In Odisha the deplorable practice of witch hunting is rampant and women and their family members are succumbing to senseless violence. Hundreds of cases of witch hunting can be found in the 5 years crime statistics against women in the state of Odisha. According to the status given in the Study of Odisha Rationalists Society (ORS), 152 people were killed between 2010 and June 1, 2012. Every year, a good number of persons are killed in the name of superstitions and black magic. Witch-hunting casualties are on the rise across the State as 56 persons were killed in 2010, 72 persons in 2011 and 24 persons in 2012. According to data from the National Crime Records Bureau, Odisha saw 177 murders for ‘witchcraft’ during this period from 2008-2013[5]. Under culpable homicide not amounting to murder Odisha accounted for 75% cases due to ‘Witchcraft’ [6].

For an extensive period, witch branding was understood as a superstitious. But over the period many studies have been undertaken and explained that witch branding in many a times are committed by men on women. This act of branding woman as witch is due to their refusal to abdicate their rights or strong assertion over their rights. It has been observed that in most of the cases single women like widow, never married, and separated etc are more vulnerable to this kind of witch branding since they are not in a position to either defend or having the support of others.

Looking at this context and seriousness of the violence against women, the State Government of Odisha brought the ‘Odisha Prevention of Witch Hunting Bill-2013’ during December 2013 following the notice issued by High Court file counter to PILs seeking introduction of an act against witch-hunting. For the implementation of the legislation, a set of activities with benchmarks and indicators needed to be set within a framework with a comprehensive and coordinated approach where the different stakeholders were to be provided with capacity building about their specific roles and responsibilities.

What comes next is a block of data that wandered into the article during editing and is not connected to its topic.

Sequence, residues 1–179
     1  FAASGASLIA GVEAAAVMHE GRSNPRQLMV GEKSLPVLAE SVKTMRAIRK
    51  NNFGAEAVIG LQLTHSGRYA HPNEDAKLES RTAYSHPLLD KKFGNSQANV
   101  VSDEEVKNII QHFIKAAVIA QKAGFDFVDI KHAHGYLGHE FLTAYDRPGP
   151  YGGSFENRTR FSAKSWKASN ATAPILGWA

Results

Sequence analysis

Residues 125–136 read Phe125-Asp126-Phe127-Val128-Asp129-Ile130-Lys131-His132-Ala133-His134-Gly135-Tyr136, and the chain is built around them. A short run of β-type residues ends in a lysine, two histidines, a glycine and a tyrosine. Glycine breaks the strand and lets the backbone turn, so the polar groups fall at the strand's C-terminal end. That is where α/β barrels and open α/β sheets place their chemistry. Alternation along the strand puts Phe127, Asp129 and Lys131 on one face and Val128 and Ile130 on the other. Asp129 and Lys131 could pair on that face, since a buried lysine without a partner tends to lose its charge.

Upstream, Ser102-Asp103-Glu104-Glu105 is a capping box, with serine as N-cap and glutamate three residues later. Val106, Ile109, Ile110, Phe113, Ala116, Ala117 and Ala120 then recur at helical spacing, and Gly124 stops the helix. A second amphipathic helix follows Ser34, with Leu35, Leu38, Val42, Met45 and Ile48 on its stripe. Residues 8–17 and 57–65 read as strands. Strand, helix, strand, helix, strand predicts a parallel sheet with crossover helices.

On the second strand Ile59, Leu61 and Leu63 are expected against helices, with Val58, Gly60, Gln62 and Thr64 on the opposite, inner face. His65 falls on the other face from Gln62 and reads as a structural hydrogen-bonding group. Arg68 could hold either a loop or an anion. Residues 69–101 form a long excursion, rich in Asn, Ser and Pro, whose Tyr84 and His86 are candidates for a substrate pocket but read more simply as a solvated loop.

There is no significant achievement of efforts on the ground to clamp down on witch-hunting in the state even as the Odisha Prevention of Witch-hunting Act, 2013 became enforceable in February 2014. Some of the gaps in implementation of the Act are mentioned below in brief:

  • The Act empowers the government to organise awareness programmes against superstition and witch-hunting however there is no visible efforts to create awareness on the ground especially in the districts in which it is rampant such as Ganjam, Gajapati, Mayurbhanj, Sundergarh, Keonjhar, Malkangiri, Koraput and Raygada of Odisha.
  • Police personnel also lack awareness on the issue as a consequence they refer IPC instead of The Odisha Prevention of Witch Hunting Act; 2013 while dealing the cases of witch hunting.
  • There is a further demand for health care facilities, especially for tribal areas, as lack of health infrastructure made it easy for witch doctors to thrive.

(Source: ‘Witch Branding in Odisha: Violation of Women’s Rights’, a compilation of Case Studies by ActionAid, Odisha.)

Contact: +91-674-2548224/2548503/2548279. | Web: ActionAid